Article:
But isn’t hedging itself risky as those folks who locked into distillate futures last fall found out after diesel prices plummeted over the next 10 months?
True enough, says Aaron Fennell of MF Global Canada, but even moreso is the decision not to hedge. "It used to be that hedging wasn’t necessary because prices didn’t move that fast. That’s not the case anymore," he says. "Basically, not hedging is just as much a speculation. Because if the price goes up, you’re stuck just the same. Saying ‘we could lose if we do this’ isn’t really a valid argument because not doing it often costs you more money."
Lower fuel prices since the latter half of 2008 have chased fuel buyers away from hedging and into the spot market sandbox. But the price of crude is shooting up again, enticing hedgers to ask themselves if it’s time to get back in the game. So, is it?
Absolutely, says Bob Tebutt, an investing and hedging specialist with Peregrine Financial Group.
"Demand is [on the rise]; we’ve got prices to where they were in 2006-2007, and the economy’s starting to come back. So why wouldn’t [you] be a fuel buyer?" he asks rhetorically. "Once supply and demand are balanced … you start showing price increases, and that’s what we’re seeing now."
But hold on. Fennell says the time to hedge once again is fast approaching, but admits that there’s still plenty of room for diesel prices to retreat between now and the fall.
He says that the lack of economic freight and manufacturing activity is mainly to blame for middle distillate inventories being absurdly high for this time of year. Usually, spring and summer is a seasonal low point as the market recovers from winter’s high home heating demand. Worse, that inventory is expected to rise even further throughout the summer driving season (since each barrel of oil produces both gas and diesel).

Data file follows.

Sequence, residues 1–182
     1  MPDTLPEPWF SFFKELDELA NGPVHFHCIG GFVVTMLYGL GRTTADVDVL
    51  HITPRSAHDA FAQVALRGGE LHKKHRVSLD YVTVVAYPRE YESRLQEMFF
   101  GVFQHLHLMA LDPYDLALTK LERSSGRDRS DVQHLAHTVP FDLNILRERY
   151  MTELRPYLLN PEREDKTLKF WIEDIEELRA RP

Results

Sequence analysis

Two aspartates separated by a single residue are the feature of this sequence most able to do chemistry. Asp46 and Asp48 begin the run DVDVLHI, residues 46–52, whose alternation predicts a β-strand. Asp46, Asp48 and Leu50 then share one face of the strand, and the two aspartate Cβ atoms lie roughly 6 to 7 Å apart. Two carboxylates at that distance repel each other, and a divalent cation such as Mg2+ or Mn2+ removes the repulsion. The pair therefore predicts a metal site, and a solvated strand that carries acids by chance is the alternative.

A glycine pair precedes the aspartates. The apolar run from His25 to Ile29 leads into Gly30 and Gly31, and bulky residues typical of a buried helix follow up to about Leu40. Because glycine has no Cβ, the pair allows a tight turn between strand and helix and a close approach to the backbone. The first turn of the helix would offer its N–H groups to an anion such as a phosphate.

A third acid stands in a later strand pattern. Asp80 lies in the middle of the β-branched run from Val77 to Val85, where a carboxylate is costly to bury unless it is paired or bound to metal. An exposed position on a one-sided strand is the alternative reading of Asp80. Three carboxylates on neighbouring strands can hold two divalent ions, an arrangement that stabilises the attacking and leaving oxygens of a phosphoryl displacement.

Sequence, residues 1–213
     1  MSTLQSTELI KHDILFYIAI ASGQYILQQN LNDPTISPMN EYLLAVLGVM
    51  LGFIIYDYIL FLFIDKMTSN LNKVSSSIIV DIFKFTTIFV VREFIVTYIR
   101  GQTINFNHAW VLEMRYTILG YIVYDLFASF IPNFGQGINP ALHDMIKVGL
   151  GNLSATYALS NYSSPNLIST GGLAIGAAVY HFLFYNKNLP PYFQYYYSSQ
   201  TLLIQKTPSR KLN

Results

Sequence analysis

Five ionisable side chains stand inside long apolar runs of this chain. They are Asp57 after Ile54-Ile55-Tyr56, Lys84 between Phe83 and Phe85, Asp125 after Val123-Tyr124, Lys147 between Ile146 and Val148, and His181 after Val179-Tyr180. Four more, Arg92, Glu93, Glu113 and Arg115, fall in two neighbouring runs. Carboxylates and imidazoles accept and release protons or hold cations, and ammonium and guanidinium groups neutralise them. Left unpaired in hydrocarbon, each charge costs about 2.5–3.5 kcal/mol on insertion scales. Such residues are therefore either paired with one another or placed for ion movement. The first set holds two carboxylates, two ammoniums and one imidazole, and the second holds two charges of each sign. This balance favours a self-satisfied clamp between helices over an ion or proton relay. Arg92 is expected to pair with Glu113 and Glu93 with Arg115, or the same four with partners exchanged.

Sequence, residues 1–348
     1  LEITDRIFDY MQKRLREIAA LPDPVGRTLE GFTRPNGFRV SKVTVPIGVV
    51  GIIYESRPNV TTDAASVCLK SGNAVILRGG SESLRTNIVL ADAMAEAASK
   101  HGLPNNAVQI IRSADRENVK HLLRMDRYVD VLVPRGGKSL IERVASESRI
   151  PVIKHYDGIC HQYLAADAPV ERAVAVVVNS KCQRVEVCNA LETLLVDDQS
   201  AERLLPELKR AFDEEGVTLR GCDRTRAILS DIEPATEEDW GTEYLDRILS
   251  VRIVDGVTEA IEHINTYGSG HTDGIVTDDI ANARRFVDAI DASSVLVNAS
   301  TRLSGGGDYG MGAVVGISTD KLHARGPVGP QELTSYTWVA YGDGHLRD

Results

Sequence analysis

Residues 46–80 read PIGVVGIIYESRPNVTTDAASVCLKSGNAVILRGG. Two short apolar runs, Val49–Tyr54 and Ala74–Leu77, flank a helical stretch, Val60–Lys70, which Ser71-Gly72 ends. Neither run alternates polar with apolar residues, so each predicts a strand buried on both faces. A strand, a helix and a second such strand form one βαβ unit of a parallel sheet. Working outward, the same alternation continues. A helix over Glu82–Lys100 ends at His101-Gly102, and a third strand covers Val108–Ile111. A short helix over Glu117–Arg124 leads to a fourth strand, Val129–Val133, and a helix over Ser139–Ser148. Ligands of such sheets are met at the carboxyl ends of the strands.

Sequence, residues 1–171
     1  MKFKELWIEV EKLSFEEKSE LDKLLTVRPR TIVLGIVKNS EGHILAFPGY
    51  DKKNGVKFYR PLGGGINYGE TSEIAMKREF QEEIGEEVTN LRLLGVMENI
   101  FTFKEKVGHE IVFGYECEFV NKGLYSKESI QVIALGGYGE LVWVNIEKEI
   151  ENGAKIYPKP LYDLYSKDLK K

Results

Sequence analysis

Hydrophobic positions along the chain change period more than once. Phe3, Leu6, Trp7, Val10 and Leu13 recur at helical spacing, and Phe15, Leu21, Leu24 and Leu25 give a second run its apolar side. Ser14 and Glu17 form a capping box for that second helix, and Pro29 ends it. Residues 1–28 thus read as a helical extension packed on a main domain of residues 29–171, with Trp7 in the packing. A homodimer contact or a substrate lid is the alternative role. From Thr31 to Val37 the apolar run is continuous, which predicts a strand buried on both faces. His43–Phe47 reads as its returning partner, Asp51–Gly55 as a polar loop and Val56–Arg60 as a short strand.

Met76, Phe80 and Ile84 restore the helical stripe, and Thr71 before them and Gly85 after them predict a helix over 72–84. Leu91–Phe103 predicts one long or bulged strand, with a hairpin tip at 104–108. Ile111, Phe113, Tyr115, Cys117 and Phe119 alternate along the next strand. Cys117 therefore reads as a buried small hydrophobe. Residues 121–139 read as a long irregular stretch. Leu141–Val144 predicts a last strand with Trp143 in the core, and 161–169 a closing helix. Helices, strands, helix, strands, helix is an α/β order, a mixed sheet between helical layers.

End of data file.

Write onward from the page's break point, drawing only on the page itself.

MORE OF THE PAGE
As Roger McKnight elaborates: "If the refineries keep ramping up for the gasoline season, a necessary evil in their mind is also the production of distillates. So, those inventories are going to keep growing. That means huge inventory with flattish demand at best."
That bodes bullish for truckers looking for cheaper diesel over the next couple of months. "As we come out of the recession, we’ll also come out with a lot of fuel in the marketplace that needs to get burned," says Fennell, who warns, though, that the window won’t be open long. "Once the economy shows some real signs of life, you won’t have a lot of time to lock into the most desired price. Early fall, I would say, is when we’ll be in a really good position to set up hedges."
Challenger’s Jacobson doesn’t think hedging should be particularly limited to only big fleets. One thing’s for sure, though, hedging isn’t like buying RRSPs. You need to do your homework — constantly — no matter what size your company is.
"You can be small and hedge, but you need to really understand the market, the seasonality of the market, inventory levels and even geopolitics and things like that," says Jacobson. "There is no slam dunk, of course — if there was, guess where I’d be — but staying vigilant is essential."
Who said, again, that trucking is just about hauling from point A to point B?